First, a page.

Manufacturers have the choice of robotic grippers, depending on the handling application and the type of material that is being used. There are four basic types of robotic grippers: vacuum grippers, pneumatic grippers, hydraulic grippers and servo-electric grippers.

Looking for a Robotic Gripper?
Looking for a Robotic Gripper?

Len Calderone for | RoboticsTomorrow

Manufacturers have the choice of robotic grippers, depending on the handling application and the type of material that is being used. There are four basic types of robotic grippers: vacuum grippers, pneumatic grippers, hydraulic grippers and servo-electric grippers.

Photo by Jeff Green/Rethink Robotics

As robotic applications go beyond the usual high-speed pick and place, robotic functions call for the capability to pick fragile or unusually-shaped items. Grippers provide position, force, and speed control to accomplish the task. A gripper is just one element of a robotic system. Like a human hand, a gripper allows the holding, tightening, handling and releasing of an item.

For non-ferrous items, vacuum grippers use vacuum cups as the gripping device, which are commonly identified as suction cups. When you hang something on a glass window or pick up a sheet of glass, you use a suction cup. Suction cups will stick with quite a bit of force if utilized correctly. The force of air pressure causes them to stick to a surface. To work properly, they need to have a cup shape with a concave center and flat spreading sides. They must stick to to a flat, non-porous surface, and be made of an air-tight material.

The suction cup is pressed against a flat surface while the air trapped inside of the concave area is pressed outwards. A vacuum is formed when the air is forced out. Atmospheric pressure will constantly try to equalize itself. Therefore, air naturally fills in any openings. The internal pressure pushes against the air outside of the suction cup. Since air is unable to penetrate the suction cup surface, it forces the cup against the flat surface. When air gets under the edges of the suction cup, or through the surface, the suction seal will be interrupted and the suction cup will come off.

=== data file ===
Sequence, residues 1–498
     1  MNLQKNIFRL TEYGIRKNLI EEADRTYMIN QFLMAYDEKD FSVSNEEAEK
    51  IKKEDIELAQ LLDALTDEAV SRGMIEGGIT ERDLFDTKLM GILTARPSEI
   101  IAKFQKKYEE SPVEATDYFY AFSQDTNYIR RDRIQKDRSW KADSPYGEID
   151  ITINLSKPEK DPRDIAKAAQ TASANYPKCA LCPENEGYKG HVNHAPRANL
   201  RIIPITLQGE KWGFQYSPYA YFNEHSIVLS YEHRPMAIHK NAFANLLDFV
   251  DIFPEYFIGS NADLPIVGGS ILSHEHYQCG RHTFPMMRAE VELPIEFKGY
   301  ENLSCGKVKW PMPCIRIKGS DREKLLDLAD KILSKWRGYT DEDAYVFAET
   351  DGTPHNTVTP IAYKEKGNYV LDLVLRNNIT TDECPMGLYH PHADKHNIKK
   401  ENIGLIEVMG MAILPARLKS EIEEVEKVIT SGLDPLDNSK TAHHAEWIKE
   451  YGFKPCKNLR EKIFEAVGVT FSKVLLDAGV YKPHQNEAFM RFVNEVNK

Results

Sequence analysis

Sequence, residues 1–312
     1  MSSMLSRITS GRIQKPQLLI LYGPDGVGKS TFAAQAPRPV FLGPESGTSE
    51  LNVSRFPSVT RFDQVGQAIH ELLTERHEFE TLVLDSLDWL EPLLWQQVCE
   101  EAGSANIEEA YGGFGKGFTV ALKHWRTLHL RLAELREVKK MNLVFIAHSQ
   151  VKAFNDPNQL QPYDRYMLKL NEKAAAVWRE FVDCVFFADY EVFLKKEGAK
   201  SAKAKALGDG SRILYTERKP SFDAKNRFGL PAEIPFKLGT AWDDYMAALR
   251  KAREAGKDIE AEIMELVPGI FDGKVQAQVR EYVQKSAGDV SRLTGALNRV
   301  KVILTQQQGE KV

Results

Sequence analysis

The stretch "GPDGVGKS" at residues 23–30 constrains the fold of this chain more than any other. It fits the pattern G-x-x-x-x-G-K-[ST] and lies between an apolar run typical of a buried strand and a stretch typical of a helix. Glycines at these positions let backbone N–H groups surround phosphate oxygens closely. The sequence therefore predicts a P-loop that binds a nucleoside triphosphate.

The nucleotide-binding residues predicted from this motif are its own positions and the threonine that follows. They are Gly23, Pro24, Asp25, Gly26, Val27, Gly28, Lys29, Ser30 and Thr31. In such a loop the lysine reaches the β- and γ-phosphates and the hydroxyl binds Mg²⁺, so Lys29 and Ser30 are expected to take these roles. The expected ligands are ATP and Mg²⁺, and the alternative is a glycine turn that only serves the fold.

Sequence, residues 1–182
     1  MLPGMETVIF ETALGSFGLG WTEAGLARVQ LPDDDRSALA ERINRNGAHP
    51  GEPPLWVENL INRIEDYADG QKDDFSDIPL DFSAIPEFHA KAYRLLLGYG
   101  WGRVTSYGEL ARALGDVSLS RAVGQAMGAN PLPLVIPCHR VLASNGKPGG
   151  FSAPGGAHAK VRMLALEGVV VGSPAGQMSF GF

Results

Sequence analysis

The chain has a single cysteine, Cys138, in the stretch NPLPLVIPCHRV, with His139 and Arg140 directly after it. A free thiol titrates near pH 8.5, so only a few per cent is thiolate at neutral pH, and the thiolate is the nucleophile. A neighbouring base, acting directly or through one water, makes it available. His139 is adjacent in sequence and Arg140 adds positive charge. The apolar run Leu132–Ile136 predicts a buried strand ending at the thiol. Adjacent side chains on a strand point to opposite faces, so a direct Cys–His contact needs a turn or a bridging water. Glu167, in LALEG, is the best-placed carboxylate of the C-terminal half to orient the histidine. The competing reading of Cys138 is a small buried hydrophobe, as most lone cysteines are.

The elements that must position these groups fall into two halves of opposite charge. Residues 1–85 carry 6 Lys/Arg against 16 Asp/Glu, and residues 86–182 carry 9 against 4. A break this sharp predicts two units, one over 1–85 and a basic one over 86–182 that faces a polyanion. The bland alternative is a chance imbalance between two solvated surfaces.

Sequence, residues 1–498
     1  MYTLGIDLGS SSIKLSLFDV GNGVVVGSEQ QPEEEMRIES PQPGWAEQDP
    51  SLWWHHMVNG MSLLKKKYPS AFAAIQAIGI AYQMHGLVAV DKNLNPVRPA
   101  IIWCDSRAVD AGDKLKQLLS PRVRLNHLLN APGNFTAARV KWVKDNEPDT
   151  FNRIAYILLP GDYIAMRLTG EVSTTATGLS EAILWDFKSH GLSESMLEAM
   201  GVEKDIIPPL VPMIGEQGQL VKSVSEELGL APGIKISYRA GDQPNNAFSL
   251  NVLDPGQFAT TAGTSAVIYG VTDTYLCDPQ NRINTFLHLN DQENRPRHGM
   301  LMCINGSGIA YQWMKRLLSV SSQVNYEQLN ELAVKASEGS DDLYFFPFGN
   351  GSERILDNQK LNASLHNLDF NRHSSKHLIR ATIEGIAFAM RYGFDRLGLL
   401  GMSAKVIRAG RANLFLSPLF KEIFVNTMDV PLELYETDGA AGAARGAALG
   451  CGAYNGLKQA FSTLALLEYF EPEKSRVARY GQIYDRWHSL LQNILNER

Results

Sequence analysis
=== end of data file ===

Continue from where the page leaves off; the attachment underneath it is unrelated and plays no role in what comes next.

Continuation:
Pneumatic grippers come in a wide range of sizes, jaw styles, and gripping forces for most industrial applications. These grippers range from miniature to units that have a heavy gripping force. The three major types of pneumatic grippers are parallel grippers, angular grippers, and custom grippers.

With parallel grippers, the two slides either close parallel to the workpiece to grip its outside edges, or opening out to put pressure on inside walls. Parallel grippers are by far the most common design. It’s easy to convert the power of a piston/cylinder system into a gripping force since pneumatic grippers have no motors or gears. Since most manufacturing facilities already have compressed air, little effort is needed to add a pneumatic gripper in a cost-efficient manner.

Angled grippers contact the sides of a workpiece from various angles, such as 30°, 40°, or 80°. Angled grippers can be adjusted to various angles to hold larger workpieces and those with odd shapes. When the space is too tight for a parallel gripper to open wide enough to hold a workpiece, an angled gripper can be used.

A radial gripper is a version of the angled gripper that can be used where vertical space is limited, as their fingers open a full 180°.  Fully open, the radial fingers can lie just over or under the workpiece and close when in position.